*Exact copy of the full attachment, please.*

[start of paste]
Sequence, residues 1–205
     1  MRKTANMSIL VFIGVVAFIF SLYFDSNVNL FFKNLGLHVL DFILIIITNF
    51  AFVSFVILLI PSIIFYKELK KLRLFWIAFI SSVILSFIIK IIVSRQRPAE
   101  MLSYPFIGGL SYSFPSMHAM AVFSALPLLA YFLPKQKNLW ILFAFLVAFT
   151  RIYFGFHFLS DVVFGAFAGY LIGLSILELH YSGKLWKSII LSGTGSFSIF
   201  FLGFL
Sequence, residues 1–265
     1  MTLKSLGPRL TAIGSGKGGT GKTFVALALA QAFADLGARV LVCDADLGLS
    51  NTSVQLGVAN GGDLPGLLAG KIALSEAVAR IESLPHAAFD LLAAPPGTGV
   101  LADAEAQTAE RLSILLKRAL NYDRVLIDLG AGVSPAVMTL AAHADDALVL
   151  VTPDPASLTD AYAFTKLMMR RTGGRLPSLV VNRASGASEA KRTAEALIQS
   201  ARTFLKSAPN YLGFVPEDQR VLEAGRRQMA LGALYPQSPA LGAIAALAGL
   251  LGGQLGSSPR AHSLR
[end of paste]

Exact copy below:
Sequence, residues 1–205
     1  MRKTANMSIL VFIGVVAFIF SLYFDSNVNL FFKNLGLHVL DFILIIITNF
    51  AFVSFVILLI PSIIFYKELK KLRLFWIAFI SSVILSFIIK IIVSRQRPAE
   101  MLSYPFIGGL SYSFPSMHAM AVFSALPLLA YFLPKQKNLW ILFAFLVAFT
   151  RIYFGFHFLS DVVFGAFAGY LIGLSILELH YSGKLWKSII LSGTGSFSIF
   201  FLGFL
Sequence, residues 1–265
     1  MTLKSLGPRL TAIGSGKGGT GKTFVALALA QAFADLGARV LVCDADLGLS
    51  NTSVQLGVAN GGDLPGLLAG KIALSEAVAR IESLPHAAFD LLAAPPGTGV
   101  LADAEAQTAE RLSILLKRAL NYDRVLIDLG AGVSPAVMTL AAHADDALVL
   151  VTPDPASLTD AYAFTKLMMR RTGGRLPSLV VNRASGASEA KRTAEALIQS
   201  ARTFLKSAPN YLGFVPEDQR VLEAGRRQMA LGALYPQSPA LGAIAALAGL
   251  LGGQLGSSPR AHSLR